Photo: Courtesy of Library of Congress
Photo: Courtesy of Library of Congress

I was listening the other day to one of my favorite podcasts (well, favorite besides Serial) called The Gist.  Mike Pesca, formerly of NPR, spends about 30 minutes each day on topics both big and small.

And on a recent podcast, he tackled….wait for it….the workplace kitchen.

Turns out there’s another podcast — the Sporkful — which has devoted several episodes to the politics of the office fridge.

Both are really quite amusing.  There’s a discussion about whether condiments are fair game, or how best to keep your food safe (put it in a plastic bag).

But they brought up a semi-serious point and one worth thinking about.  To semi-quote their exchange on the podcast:

If you’re ever on a job interview, and suppose you’re trying to evaluate how good of an employer they are and how well do they take care of their employees? If you want quick and dirty answer, you can get it by looking in their lunch room. When you see the amenities they provide to their employees, it’s a signal.

What kind of amenities?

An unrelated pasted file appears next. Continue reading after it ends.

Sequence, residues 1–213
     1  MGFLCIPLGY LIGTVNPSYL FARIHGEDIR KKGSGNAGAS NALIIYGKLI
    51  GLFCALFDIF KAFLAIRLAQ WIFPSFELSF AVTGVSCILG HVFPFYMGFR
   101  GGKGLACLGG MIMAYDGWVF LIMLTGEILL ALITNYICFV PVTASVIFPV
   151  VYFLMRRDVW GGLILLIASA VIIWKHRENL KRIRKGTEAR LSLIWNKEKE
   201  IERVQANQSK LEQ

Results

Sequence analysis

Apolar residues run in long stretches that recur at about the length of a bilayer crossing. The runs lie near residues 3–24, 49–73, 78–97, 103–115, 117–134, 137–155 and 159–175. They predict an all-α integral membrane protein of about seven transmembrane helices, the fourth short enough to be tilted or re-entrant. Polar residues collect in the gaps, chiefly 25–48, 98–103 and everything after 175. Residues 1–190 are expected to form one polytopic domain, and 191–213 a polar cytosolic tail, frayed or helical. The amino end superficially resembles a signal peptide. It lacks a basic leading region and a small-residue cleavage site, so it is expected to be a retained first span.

They talked about how free coffee — and even the milk FOR the coffee — goes a long way towards making your employees happy.

What else makes for a good kitchen? A second microwave. It might only be in use 20 minutes during the day, said Pesca, but those are 20 minutes where a co-worker is not angry with a co-worker.

So I wondered if there was any truth to that?

Well, unfortunately, most Google searches for the benefits of employee lunchrooms, come up with “cafeteria plans.”

Not helpful.

I was able to find one case where the office refrigerator played a starring role in a discrimination claim. In a 2007 case, an employee who had a co-worker post “sexually related materials in the office kitchen on the refrigerator for all employees and customers to see” was able to state a hostile work environment claim.

But I think this all goes back to a point I’ve made before on the blog: How you treat your employees overall may make a big difference in how your employees perceive your workplace. True, this isn’t rocket science, but even the little things like your employee lunchroom, can make an impact.  Happy employees are employees that don’t sue you for every perceived slight.

The employee who has their salad dressing “borrowed” by their co-workers is just going to be angrier at his or her employer.

So what do you think? Can you judge an employer by its lunchroom? And if so — aside from Google’s insane cafeteria — what makes for a good break room?